Australia's minister for natural disasters has backed new coal mines in Queensland even though he accepts fossil fuels are driving extreme weather events.
David Littleproud says the nation's disaster recovery bill is forecast to hit $39 billion by 2050 and climate change is major contributor to weather-related disasters.
In an interview on ABC radio on Wednesday, the cabinet minister was asked if it was a responsible course of action to open up new thermal coal mines in Queensland's Galilee Basin.
"Definitely," he replied.
"You can invest in coal-fired technology and reduce emissions. You can do that.
"There's less emissions from our coal than other coals from around the world, and we're exporting a lot of that to India."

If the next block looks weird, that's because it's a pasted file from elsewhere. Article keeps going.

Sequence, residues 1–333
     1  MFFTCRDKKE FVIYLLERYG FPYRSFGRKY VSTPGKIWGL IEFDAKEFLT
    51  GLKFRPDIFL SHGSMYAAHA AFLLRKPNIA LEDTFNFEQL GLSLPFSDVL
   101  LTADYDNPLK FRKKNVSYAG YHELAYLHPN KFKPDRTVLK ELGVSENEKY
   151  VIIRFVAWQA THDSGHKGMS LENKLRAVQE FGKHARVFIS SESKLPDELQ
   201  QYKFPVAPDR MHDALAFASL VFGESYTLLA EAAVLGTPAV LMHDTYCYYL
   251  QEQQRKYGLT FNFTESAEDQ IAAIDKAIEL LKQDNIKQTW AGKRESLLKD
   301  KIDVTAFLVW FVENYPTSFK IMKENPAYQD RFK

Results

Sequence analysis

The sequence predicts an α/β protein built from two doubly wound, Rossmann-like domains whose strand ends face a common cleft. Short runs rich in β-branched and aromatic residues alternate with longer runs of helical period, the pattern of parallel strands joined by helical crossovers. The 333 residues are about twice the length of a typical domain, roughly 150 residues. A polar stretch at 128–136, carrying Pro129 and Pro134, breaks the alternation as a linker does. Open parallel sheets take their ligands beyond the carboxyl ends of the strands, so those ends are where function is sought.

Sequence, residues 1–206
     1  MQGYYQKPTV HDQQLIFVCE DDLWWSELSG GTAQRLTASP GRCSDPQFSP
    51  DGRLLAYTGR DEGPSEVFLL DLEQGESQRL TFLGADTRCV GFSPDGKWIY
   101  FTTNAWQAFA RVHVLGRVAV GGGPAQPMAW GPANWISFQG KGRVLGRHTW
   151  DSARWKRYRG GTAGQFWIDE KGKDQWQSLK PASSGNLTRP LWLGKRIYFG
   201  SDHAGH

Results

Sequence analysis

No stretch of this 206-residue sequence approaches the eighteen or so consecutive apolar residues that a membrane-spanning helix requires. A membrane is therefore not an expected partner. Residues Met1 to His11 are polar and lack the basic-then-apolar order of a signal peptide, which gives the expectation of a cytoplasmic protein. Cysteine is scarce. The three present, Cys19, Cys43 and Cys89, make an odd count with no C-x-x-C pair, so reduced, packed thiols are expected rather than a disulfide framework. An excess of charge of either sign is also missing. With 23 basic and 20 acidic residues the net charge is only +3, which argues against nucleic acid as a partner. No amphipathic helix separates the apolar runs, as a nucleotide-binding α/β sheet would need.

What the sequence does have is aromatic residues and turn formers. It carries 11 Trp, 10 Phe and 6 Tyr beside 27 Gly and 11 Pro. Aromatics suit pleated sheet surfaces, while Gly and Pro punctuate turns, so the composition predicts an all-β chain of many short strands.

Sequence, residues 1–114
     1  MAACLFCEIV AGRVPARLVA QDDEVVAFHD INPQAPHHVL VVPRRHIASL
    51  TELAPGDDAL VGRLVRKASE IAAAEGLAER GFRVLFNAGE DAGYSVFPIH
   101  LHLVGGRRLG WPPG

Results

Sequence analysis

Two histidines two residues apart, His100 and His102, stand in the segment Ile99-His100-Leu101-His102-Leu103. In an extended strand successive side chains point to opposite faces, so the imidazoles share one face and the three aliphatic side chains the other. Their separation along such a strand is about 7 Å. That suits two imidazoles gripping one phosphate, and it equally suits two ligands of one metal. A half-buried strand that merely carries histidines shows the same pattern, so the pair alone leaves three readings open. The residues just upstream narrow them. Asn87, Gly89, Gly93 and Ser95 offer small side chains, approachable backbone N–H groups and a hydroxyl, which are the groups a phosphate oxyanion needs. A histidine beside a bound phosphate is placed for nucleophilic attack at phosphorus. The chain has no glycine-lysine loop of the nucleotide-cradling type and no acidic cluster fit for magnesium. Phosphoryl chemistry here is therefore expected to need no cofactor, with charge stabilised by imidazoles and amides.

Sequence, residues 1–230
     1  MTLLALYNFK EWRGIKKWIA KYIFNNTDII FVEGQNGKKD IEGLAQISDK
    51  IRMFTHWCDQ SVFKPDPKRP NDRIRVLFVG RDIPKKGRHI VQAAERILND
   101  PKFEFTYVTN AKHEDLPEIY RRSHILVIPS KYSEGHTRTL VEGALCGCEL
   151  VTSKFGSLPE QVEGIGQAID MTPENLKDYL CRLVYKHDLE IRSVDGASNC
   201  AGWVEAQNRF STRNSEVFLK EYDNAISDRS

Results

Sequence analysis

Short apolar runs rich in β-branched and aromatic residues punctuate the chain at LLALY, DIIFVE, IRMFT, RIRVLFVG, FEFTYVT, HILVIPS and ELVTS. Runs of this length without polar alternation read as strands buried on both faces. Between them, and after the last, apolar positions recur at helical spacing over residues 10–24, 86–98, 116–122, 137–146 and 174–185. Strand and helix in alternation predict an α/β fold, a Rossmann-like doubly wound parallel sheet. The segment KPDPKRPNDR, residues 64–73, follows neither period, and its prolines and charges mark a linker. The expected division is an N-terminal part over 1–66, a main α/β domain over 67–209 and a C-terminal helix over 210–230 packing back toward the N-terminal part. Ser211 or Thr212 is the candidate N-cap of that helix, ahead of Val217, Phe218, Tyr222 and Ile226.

He says plenty of work is being done, in parallel, to develop renewable energy in Australia and make sure the nation is building disaster-resilient infrastructure.
Mr Littleproud also discussed the looming bushfire season, saying there are concerns it could be another bad one, particularly in Queensland which experienced unprecedented fires last year.
"While we are in drought, there's been some rain," he said.
"But if it stays dry, we're really concerned about the fire season."
Queensland Premier Annastacia Palaszczuk blamed climate change for creating the fire crisis.
State Fire and Emergency Services Minister Craig Crawford has received a report on the fires, but it's yet to be released.
Meanwhile, the state government has denied its land clearing restrictions have stopped landholders from reducing fire risks on their properties.